This is the question in question Wrong result of populating an Android ListView.

The question was asking about the Android listview adapter, and the question was marked as a duplicate of How do I print my Java object without getting "SomeType@2f92e0f4"?.

The relationship between the two questions is tangential at best. All they have in common is the toString method, asides from that nothing else is similar. So why was it marked as a duplicate?

  • 13
    If you read both questions, you will see that the problem is fundamentally the same: some part of the code calling .toString(). (disclaimer, I know nothing of android/java, so this is just an educated guess at most)
    – Braiam
    Dec 10, 2016 at 0:00
  • @Braiam I read the question
    – Olumide
    Dec 10, 2016 at 0:05
  • 7
    @olumide and the answer to the dupe target can't be used to answer the dupe? From a cursory glance... It seems like yes. It would of course need to be adapted to the specific problem... But the logic is there... No?
    – Patrice
    Dec 10, 2016 at 0:41
  • 3
    If there really is no significant connection between the two questions, can you clarify why?
    – Pekka
    Dec 10, 2016 at 10:30

1 Answer 1


I'm the one who triggered the duplicate target.

It is your own answer that indicated that a toString method was necessary, so thank you for your sharing your knowledge, or rather copying your interpretation of the documentation. Stack Overflow, however, receives similar questions daily, even hourly, and it gets tiresome to provide the same answer repeatedly.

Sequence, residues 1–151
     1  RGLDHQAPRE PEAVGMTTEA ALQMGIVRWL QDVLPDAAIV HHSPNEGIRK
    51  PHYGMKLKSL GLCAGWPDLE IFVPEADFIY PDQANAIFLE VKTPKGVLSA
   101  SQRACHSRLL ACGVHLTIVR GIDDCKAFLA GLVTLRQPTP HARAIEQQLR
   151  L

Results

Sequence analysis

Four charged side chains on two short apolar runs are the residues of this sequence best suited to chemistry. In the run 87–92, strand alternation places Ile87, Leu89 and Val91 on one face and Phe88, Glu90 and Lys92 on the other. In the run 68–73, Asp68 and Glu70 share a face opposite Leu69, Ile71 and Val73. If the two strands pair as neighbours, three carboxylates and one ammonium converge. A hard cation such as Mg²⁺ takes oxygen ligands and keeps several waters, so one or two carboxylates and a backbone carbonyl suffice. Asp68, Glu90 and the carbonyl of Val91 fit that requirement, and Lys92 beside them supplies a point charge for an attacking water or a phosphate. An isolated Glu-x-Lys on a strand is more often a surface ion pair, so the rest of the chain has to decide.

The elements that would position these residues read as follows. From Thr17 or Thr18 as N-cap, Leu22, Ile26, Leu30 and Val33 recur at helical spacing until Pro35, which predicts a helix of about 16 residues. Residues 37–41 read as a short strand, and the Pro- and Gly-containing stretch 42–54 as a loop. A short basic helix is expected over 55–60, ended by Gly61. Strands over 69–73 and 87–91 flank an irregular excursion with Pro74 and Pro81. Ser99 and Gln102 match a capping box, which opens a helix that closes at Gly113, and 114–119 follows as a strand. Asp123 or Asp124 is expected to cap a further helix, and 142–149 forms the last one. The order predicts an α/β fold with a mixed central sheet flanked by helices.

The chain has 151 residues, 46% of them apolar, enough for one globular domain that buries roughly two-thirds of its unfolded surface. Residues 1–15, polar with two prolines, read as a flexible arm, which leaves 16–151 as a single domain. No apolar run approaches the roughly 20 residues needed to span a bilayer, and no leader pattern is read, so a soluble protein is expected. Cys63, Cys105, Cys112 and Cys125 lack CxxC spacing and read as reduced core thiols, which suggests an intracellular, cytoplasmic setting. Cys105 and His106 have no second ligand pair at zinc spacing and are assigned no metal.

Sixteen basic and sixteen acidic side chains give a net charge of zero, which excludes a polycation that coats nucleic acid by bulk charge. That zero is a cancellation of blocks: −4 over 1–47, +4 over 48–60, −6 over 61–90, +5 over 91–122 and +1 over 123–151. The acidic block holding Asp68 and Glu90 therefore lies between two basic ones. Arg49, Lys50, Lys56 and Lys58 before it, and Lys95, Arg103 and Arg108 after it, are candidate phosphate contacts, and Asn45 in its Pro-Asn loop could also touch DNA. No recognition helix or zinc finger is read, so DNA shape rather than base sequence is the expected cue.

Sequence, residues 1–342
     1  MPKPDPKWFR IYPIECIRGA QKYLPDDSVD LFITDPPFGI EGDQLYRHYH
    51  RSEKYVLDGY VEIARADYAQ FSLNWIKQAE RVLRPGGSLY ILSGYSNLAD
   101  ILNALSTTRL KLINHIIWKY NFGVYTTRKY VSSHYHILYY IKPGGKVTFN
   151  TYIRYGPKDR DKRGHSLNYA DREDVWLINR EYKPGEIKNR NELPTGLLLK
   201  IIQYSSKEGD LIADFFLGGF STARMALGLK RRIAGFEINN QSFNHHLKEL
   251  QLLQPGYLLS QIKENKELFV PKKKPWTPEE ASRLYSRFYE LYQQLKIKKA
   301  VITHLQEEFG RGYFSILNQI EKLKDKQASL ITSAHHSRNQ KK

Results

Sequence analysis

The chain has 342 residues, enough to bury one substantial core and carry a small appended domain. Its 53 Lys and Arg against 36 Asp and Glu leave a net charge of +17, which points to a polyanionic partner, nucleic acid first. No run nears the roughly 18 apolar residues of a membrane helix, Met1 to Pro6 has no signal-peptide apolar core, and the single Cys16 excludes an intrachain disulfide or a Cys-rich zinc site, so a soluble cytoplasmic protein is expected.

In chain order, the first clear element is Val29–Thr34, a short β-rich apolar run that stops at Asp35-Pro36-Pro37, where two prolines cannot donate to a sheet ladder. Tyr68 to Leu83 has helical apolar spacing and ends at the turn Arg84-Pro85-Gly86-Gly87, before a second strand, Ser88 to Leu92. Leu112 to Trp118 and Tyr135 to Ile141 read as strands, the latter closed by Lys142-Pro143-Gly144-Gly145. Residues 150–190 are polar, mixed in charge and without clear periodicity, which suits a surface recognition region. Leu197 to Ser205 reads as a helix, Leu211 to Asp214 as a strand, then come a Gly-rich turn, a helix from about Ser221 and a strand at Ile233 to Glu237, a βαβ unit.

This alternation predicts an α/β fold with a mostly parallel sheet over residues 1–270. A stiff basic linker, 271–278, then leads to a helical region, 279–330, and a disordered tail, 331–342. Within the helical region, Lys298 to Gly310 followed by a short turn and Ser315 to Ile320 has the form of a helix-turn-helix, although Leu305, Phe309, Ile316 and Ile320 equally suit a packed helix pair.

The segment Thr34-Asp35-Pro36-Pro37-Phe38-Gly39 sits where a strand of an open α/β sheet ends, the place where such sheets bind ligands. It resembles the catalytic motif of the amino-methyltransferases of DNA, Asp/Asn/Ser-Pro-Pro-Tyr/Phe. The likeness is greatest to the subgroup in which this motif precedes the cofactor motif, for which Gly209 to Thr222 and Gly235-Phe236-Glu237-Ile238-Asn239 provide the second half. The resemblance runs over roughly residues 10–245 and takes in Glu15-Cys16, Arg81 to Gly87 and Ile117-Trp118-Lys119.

We do wish people would debug their code or would read the existing documentation for the referenced classes. Maybe even follow a proper tutorial / course to learn how the internals of the system work. But, everyone learns at their own pace, and that is wishful thinking.

Regarding your statements,

asides from [the toString method] nothing else is similar

Firstly, I'm honestly not sure what you are making a big deal about this for. I'd understand if you were the person asking the question, and maybe you felt it was wrongfully closed, but you got your answer in, and the poster commented saying providing the toString method to the object worked. You could have asked the poster to accept your answer and moved on.

Secondly, Android is Java, and that's the common denominator in the problem. The poster was trying to display the list of user-defined Java objects, and was simply unaware of the specifics of the ArrayAdapter, which you were kind enough to reference the documentation (with a link to site your source). Now - I'll agree that there's probably a better Android-specific duplicate, but for those of us who hang around android / java tags, the problem is similar enough.

Third, notice that the question was closed by 5 different users, each of whom have their own judgment on the matter.

I hope this addresses your concerns, and doesn't dissuade you from continuing to share your knowledge with the community or reach out for any assistance of your own.

  • 4
    Dang. Called out on Meta, left a well-reasoned and extremely polite answer defending your decision. This is the way to do it. Rock on!
    – Cody Gray Mod
    Dec 11, 2016 at 14:10
  • 1
    "Called out" seems strong, but in a way, sure. First answer here too, so I was worried about answering with the heavy downvotes on the question Dec 11, 2016 at 14:52
  • Downvotes work a bit differently on Meta. They often signify agreement or disagreement, rather than technical correctness. People roundly disagreed with the questioning of this being a duplicate, which actually made it safer for you to respond. :-)
    – Cody Gray Mod
    Dec 11, 2016 at 15:03

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